Visionary African Art at LACMA

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This is one of the best seasons in memory for museum exhibitions in LA, both contemporary and historic. Over the holidays, I recommend visits to MOCA, the Hammer and especially LACMA. Yet, it is also the time of Passover, Easter and spring. Natural abundance itself is a potent reminder of the life of the spirit. Animism, the notion that plants, animals and even objects can have souls, is one of the oldest belief systems and inspirations for artists. You won’t see that practiced much in contemporary art but you will in ancient and tribal art.

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Master of Bamendjo, Cameroon, c. late 19th century-early 20th century
Headcrest, late 19th century
Wood, paint, iron dowel, plant fiber and plant gum
Fowler Museum at UCLA, gift of the Wellcome Trust

The Innner Eye: Vision and Transcendence in African Arts is without a doubt one of the most extraordinary and uplifting of shows. Around 100 objects and textiles from the 13th to the 19th centuries, were brought together from all regions of Africa by guest curator Dr. Mary Nooter Roberts to display with ways in which various tribes have explored their sense of connection to the unseen realm of spirit.

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Beete Mask: Ram (Bata)
Early-mid 19th century, Gabon, Kwele peoples, wood and pigments, 15 x 17 5/8 x 2 1/8 in.
Photography by Peter Zeray, The Photograph Studio, Metropolitan Museum of Art

The orientation to the show presents work by the Yoruba tribe and their concept of the inner eye (ojú-inú) while the Sufi had batin, referring to the hidden side of reality. Masks reveal these preoccupations while being objects of profound invention and imagination.

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Ngi Mask, 1850, Gabon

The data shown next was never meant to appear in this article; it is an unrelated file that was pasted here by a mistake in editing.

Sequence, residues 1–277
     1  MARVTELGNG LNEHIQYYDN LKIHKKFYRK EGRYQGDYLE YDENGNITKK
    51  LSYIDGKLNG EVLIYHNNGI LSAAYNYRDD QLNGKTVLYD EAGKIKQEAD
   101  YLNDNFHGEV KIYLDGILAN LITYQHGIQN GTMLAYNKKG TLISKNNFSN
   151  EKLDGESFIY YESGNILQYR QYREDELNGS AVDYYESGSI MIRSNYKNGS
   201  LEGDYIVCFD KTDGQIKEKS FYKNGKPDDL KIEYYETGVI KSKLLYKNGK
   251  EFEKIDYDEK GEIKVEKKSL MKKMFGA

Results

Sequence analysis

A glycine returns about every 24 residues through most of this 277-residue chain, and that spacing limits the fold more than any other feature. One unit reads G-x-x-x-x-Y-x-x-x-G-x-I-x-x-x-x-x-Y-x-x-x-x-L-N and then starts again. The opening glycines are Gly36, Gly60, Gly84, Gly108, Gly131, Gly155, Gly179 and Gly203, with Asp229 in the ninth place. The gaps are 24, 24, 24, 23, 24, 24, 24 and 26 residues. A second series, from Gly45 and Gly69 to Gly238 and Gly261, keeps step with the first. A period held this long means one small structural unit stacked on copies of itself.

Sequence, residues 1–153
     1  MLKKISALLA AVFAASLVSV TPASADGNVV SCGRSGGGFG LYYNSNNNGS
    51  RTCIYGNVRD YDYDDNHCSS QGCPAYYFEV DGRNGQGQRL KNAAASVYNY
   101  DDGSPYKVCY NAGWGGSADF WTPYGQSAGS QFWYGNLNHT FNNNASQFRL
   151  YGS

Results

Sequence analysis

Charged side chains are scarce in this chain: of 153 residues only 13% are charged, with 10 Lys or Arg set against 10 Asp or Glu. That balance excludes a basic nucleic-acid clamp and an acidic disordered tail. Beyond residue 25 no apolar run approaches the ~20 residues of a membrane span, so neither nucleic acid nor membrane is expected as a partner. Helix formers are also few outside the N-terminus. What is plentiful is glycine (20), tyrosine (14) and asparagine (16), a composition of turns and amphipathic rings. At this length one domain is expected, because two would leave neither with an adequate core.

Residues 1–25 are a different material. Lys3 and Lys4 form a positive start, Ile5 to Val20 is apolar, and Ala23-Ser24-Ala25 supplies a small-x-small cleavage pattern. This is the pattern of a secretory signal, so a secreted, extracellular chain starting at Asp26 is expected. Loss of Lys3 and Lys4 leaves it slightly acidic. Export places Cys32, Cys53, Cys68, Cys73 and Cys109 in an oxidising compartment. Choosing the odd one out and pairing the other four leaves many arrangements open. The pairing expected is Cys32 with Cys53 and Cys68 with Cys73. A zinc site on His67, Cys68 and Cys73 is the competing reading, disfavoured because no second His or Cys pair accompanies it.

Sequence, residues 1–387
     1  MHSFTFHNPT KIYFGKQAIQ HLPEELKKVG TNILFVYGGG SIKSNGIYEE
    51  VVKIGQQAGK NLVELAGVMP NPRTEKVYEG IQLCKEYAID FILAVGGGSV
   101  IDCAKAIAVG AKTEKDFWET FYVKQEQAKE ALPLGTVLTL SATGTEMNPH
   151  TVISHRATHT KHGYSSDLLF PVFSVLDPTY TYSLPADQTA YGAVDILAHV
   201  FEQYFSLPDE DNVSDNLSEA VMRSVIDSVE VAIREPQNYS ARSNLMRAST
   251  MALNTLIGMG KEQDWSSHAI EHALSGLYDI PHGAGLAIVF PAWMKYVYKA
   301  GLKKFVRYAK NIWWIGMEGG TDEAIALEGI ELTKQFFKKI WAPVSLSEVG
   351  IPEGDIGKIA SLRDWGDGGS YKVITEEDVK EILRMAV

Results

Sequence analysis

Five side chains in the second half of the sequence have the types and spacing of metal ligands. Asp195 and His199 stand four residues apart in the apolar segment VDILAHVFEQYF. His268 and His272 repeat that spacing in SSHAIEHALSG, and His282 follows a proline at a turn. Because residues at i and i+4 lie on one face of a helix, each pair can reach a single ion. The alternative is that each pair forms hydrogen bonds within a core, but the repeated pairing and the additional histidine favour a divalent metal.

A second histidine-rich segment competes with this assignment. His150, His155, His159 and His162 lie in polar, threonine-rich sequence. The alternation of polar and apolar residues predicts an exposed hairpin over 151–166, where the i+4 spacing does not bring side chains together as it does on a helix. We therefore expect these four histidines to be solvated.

Fang peoples, wood, kaolin and fiber, 24 1/2 x 11 5/8 x 8 in.
Photography by Joe Coscia, The Photograph Studio, Metropolitan Museum of Art

For example, “Ngi Mask” (1850) by the Fang peoples of Gabon, made of carved wood covered in white clay, is a heart shaped face with an elongated nose and small holes for eyes. The expression suggests concentration on the internal life. A giant wood headcrest by the Master of Bamendjo, working in Cameroon in the late 19th century, has bulging all-seeing eyes and gaping mouth and is entirely incised by thin lines of pattern. It was to be worn by the highest ranking officials during royal funerals.

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Shrine Figure, late 19th-20th century
Ijo peoples
Fine Arts Museums of San Francisco
Photo © Fine Arts Museums of San Francisco

Figures of carved wood stand as sentinels, figures of power or fertility. One of the most dramatic is a 19th-century Nigerian shrine figure with seven heads, each with glass eyes to harness the powers of the forest to protect the community. A smaller figure with multiple faces and tripod base has a topknot made of feathers. It is one of a group made by the Lega culture of the Congo and said to represent abstract knowledge manifest through the human form.

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Hornbill Mask for Poro Society, 19th century
Mano peoples
Wood, metal, cloth, vegetable fiber, and ink
12 x 5 3/4 x 15 in.
Fine Arts Museums of San Francisco
Photo © Fine Arts Museums of San Francisico

There was no art school for the people who made these pieces yet their work upended academic training for artists from the beginning of the modern era, Picasso being the best known. The exquisite craftsmanship and the diversity of expression throughout the show can expand all of our ideas about African art. On view to July 9.

And as an aside, April 16 is this is the last day to see the transcendentally-oriented paintings of John McLaughlin at LACMA. Though not trained in art school but he studied the art and architecture of Japan. As a middle-aged man based in Laguna, he quietly produced geometric abstract paintings with carefully balanced areas of white, black and color. His art vibrates with a sense of serene purpose. To learn more, watch LA Times critic Christopher Knight discuss it on CBS morning news.